Before we get started
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You may have heard the term virtual memory used in the context of your Mac, but what exactly does it do and why is it necessary? There are many mechanisms used by Mac OS X to manage the system resources of your computer, and virtual memory is just one of those techniques.
This article provides a brief overview of virtual memory, and shows how you can find out how much your Mac is using, and even what you can do to help your Mac attain the best performance possible.
So What is Virtual Memory?
Your Mac comes with a limited amount of physical memory (RAM) installed by default. Memory is critical to any computer to run applications and carry out all the operations commanded by the user. Memory must be as fast as possible (and it helps to have as much as possible) to maximise your Mac’s performance; thankfully, prices have drastically fallen in recent years. Nevertheless, every computer has a finite amount of memory so Mac OS X might actually need to use more than is physically available on your system.
This is where virtual memory comes in – you can think of it as a kind of extension to the real memory on your system, albeit much slower because it is in fact physical space on your hard disk (or SSD, if you have one installed). Let’s say that you have 4 GB of main memory on your Mac and a 512 GB hard disk. If Mac OS X needs to use all 4 GB of main memory, it can still make use of any free space on your hard disk as an extension to that memory. Unfortunately, virtual memory is much slower than the physical RAM installed in your computer, because hard disks cannot match the speed of memory chips.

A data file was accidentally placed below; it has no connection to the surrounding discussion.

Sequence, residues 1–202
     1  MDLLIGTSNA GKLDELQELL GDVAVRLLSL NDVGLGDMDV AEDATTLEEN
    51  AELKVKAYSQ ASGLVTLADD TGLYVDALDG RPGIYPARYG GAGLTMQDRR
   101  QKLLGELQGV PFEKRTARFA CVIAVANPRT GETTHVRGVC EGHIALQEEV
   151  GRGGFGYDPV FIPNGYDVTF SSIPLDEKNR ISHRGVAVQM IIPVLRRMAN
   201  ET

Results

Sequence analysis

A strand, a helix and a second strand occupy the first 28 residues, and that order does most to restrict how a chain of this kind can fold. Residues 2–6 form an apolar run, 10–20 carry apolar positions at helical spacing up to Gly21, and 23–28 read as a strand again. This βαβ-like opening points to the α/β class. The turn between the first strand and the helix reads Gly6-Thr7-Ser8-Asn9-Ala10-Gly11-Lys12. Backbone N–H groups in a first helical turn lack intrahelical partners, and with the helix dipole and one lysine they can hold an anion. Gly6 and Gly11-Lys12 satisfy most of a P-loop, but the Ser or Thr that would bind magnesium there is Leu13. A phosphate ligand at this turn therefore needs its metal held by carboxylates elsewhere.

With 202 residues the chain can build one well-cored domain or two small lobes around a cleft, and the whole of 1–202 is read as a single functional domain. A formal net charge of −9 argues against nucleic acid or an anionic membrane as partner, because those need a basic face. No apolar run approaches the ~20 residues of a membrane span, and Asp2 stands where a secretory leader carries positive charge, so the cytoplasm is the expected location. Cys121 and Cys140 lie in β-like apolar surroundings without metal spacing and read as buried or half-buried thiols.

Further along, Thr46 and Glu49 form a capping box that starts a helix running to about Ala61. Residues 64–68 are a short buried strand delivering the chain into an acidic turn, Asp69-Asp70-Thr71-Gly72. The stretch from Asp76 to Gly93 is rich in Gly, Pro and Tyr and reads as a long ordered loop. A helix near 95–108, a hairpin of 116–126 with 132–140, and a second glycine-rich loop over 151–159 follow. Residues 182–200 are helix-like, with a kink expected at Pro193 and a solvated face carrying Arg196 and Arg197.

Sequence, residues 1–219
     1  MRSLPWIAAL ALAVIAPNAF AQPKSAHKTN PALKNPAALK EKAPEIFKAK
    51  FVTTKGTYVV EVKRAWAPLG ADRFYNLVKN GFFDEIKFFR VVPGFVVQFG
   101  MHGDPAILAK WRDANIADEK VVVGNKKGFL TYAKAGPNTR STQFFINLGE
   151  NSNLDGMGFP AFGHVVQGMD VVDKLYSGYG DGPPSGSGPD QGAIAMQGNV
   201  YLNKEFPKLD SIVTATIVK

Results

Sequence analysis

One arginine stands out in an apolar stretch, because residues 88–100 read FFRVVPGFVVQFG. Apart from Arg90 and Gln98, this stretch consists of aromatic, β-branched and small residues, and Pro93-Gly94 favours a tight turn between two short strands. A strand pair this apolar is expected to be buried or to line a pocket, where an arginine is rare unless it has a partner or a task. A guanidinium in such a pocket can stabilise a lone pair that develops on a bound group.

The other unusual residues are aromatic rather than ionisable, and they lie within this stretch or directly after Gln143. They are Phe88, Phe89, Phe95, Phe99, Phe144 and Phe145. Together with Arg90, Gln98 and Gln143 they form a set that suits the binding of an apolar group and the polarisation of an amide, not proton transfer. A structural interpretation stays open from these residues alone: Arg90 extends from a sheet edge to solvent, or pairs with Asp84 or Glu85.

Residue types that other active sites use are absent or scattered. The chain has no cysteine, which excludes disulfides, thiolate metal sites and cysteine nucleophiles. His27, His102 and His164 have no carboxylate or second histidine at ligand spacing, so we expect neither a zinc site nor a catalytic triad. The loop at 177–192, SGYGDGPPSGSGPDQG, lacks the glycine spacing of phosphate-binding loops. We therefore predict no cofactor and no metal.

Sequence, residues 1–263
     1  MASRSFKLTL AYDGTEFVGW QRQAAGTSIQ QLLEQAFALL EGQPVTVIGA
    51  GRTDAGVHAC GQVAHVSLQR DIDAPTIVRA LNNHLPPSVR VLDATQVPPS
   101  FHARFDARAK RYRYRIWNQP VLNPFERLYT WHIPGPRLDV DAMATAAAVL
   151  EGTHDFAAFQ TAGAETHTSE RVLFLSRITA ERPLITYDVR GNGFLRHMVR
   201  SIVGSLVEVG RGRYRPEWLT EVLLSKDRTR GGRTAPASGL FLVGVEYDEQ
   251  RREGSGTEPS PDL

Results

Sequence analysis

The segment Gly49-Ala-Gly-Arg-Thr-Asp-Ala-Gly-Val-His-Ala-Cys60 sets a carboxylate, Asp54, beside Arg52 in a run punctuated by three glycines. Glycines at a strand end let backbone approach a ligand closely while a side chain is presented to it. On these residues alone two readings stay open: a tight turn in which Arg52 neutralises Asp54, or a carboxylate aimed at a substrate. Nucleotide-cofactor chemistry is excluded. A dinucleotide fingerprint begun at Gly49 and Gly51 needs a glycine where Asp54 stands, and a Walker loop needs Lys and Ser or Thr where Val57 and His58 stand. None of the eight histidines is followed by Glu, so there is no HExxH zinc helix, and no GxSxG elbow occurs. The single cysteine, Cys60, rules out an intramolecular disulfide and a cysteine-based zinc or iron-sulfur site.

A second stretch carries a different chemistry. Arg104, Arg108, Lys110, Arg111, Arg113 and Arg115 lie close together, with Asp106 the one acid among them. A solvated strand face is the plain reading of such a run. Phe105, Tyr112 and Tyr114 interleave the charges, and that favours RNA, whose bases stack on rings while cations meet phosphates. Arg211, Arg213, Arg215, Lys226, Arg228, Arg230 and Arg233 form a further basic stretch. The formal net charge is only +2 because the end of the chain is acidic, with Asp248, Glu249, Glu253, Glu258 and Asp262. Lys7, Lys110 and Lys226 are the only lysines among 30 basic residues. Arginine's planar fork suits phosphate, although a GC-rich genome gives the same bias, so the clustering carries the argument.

Why is Virtual Memory So Important?
Virtual memory can be critical to your Mac, simply because there often isn’t enough physical memory to run all the apps that you have open. As I’m writing this article, I already have 7 apps open (Safari, iTunes, Messages, Skype, Activity Monitor, Mail, and Finder) and many processes. All those apps need a certain amount of memory allocated to run effectively – in my case, they’re using 4.43 GB of my Mac’s RAM, and the more apps that are open, the more memory will be used.
If all the memory is used up, my computer will start to use virtual memory and the whole machine will see a marked decrease in performance. Have you ever seen the spinning beach ball in Safari? That often happens when you’ve run out of memory and virtual memory is being used.
How Much Virtual Memory is My Mac Using?
There’s an easy way to find out how much memory your Mac is using and to check the virtual memory usage, as well as other information such as the number of “page outs” and “page ins”. The important term here is page ins, because it gives in an indication of how much virtual memory is being used.
To see what your Mac is up to beneath the hood, open up Activity Monitor – this is an incredibly useful native app that lives in the Applications -> Utilities folder. When it opens, go to the System Memory section to view more details about the memory usage. Click on the Real Mem column to sort the list based on the amount of memory being used.